Smithtown Bancorp, Inc., is a holding company formed in 1984, engaged primarily in commercial banking through its wholly owned bank subsidiary, Bank of Smithtown. The Bank offers a full array of consumer and commercial deposit and lending products and services through its nineteen branch offices as well as limited deposit services through its online banking site. The Bank also provides insurance and financial products through its two wholly owned
subsidiaries, Bank of Smithtown Insurance Agents and Brokers, Inc. and Bank of Smithtown Financial Services, Inc. For the following discussion, the consolidated entity is referred to as the Company and the Bank and its subsidiaries are referred to as the Bank. There were several significant factors that affected the Company’s financial condition and results of operations during 2008. The discussion of these factors should be



14








read in conjunction with the accompanying financial statements.



The turmoil in the financial markets earmarked 2008 as one of the most troubling times experienced by the financial system since the Great Depression. Three major investment banking firms no longer exist as they did prior to 2008, and two additional firms have become banks. The U.S. government took over Fannie Mae and Freddie Mac, and bailed out a giant insurance company and two megabanks. Two of the largest bank failures in history took place during
2008, as did the acquisition of two other very large banks. Two of the largest U.S. auto manufacturers were bailed out by the U.S. government, and the Federal Reserve Bank lowered its target rate to an unprecedented range of 0.00% - 0.25%. Bank stocks dropped in price at rapid rates including the stock price of certain banks whose performance remained good. Smithtown Bancorp was one of those banks. It was a year of unprecedented growth for the Company. Opportunities were seized upon
that never existed before for the Bank, and results were positive. Asset growth of 66.38% was fueled by loan growth of over $704 million. This 71.63% loan growth was almost entirely in the real estate sector, with growth in commercial real estate of 78.44%, in multi-family housing of 245.58% and in single family residences of 48.85%. Construction lending increased by 31.60%, although the majority of this lending included drawdowns on previously committed lines of credit. The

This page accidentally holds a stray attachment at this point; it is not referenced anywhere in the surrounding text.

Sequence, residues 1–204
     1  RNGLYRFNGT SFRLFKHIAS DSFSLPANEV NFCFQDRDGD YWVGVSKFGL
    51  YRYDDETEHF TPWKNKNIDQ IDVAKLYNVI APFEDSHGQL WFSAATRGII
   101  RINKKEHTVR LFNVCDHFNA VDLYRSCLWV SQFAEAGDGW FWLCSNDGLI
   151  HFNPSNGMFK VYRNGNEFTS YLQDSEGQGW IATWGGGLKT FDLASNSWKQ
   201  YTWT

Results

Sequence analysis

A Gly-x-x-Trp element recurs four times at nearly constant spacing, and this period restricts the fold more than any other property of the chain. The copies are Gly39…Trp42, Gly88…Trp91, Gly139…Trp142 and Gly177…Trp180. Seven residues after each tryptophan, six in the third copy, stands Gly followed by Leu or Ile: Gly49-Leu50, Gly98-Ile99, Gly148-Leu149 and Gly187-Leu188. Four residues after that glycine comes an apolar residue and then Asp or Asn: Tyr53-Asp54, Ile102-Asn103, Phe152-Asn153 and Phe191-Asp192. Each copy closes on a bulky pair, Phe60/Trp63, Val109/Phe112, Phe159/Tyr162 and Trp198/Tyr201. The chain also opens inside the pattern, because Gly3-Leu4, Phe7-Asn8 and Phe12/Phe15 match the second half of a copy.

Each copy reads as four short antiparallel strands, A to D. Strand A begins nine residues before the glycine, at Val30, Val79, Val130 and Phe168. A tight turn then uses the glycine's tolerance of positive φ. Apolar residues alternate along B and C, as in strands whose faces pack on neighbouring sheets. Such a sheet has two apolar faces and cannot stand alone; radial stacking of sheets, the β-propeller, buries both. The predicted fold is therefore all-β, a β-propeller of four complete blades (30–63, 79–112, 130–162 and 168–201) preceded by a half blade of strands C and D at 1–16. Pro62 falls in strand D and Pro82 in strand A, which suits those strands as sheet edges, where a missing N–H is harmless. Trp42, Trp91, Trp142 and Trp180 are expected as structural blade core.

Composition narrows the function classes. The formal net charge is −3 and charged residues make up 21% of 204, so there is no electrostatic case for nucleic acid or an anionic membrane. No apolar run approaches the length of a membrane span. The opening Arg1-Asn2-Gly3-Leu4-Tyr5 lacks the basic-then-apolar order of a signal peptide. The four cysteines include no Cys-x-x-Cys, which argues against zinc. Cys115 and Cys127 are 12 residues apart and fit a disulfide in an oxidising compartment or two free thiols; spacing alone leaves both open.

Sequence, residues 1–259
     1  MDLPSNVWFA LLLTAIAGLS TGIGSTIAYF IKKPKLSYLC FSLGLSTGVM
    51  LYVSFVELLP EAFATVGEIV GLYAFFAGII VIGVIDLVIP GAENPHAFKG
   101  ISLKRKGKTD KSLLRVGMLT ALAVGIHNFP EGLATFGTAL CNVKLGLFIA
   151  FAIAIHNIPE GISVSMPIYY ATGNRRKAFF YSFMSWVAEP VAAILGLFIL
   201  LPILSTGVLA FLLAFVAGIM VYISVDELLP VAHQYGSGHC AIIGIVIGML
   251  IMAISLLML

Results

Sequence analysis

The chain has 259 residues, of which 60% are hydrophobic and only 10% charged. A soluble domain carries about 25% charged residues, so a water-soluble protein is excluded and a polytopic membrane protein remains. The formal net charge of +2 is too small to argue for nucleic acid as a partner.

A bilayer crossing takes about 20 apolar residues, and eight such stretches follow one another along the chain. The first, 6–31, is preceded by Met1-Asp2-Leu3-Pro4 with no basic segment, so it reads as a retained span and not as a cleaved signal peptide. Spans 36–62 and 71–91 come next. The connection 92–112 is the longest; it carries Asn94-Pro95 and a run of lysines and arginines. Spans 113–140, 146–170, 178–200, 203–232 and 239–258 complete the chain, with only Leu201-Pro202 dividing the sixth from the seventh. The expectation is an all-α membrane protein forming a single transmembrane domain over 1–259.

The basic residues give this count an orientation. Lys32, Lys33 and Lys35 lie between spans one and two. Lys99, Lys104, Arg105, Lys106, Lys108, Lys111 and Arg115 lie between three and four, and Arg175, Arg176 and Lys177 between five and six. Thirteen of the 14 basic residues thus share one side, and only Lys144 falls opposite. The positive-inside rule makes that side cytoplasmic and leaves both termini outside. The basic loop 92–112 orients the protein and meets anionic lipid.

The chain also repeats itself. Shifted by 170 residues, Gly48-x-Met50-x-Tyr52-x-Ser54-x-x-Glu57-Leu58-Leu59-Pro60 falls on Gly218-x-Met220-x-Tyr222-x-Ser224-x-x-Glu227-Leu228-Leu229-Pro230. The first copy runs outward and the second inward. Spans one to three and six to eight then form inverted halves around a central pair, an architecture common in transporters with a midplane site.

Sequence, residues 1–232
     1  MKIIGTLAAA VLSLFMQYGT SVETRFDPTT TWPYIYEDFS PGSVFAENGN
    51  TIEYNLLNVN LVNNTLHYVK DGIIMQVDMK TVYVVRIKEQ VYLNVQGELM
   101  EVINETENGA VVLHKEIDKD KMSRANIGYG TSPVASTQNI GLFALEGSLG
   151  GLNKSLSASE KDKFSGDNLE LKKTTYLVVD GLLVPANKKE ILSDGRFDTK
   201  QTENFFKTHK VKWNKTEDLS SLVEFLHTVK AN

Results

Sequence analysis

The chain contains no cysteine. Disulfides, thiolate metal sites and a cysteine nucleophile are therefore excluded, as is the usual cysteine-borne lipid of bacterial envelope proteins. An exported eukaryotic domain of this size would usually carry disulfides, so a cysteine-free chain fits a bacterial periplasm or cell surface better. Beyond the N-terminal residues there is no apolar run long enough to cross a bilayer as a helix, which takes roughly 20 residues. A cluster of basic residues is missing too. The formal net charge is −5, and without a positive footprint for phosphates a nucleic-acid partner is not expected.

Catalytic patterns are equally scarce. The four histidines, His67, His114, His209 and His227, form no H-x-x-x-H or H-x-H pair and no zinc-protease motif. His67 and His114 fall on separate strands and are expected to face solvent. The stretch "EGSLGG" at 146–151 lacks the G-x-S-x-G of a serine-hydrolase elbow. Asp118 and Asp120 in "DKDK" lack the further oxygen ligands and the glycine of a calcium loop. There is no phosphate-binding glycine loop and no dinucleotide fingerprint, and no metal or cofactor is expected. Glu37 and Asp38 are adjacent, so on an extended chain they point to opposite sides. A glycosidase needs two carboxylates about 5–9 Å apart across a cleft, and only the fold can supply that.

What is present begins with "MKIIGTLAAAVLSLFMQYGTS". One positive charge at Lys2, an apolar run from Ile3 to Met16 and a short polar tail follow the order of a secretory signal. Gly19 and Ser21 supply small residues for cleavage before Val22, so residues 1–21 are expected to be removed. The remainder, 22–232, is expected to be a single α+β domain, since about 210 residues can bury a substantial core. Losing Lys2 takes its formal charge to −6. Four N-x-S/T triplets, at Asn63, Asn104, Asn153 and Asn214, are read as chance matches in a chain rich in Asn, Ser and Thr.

Company’s earnings per share for 2008 were $1.55 as compared to $1.47 for 2007, an increase of 5.44%. Net income of $15,723 was yet another record level of income for the Company, an increase of $1,448 over the 2007 level. Various factors contributed to the growth in earnings this year, although the overriding factor was the growth in loans. Net interest margin declined by forty eight basis points during the year, from 4.10% at yearend 2007 to 3.62% at yearend 2008. This decline
in margin was a direct result of the 400 basis point decline in the prime rate during the year. Although some loan rates immediately reprice downward upon a drop in the prime rate, there is no such immediate commensurate drop in deposit rates. At December 31, 2008, $522.5 million of the Company’s commercial and construction loans and home equity lines of credit were indexed to the prime rate, and therefore rates on these loans decreased immediately, unless a floor was in place and
had already been reached. On the liability side of the balance sheet, however, rates decline much more slowly, particularly due to the continued strong competitive pressures of other banks and financial institutions all attempting to gain, or at a minimum, retain deposits. During the first quarter of 2008, deposits were often priced irrationally, and as a result the Company decided to allow funds to flow out of the Bank, rather than getting caught up in the rate competition that was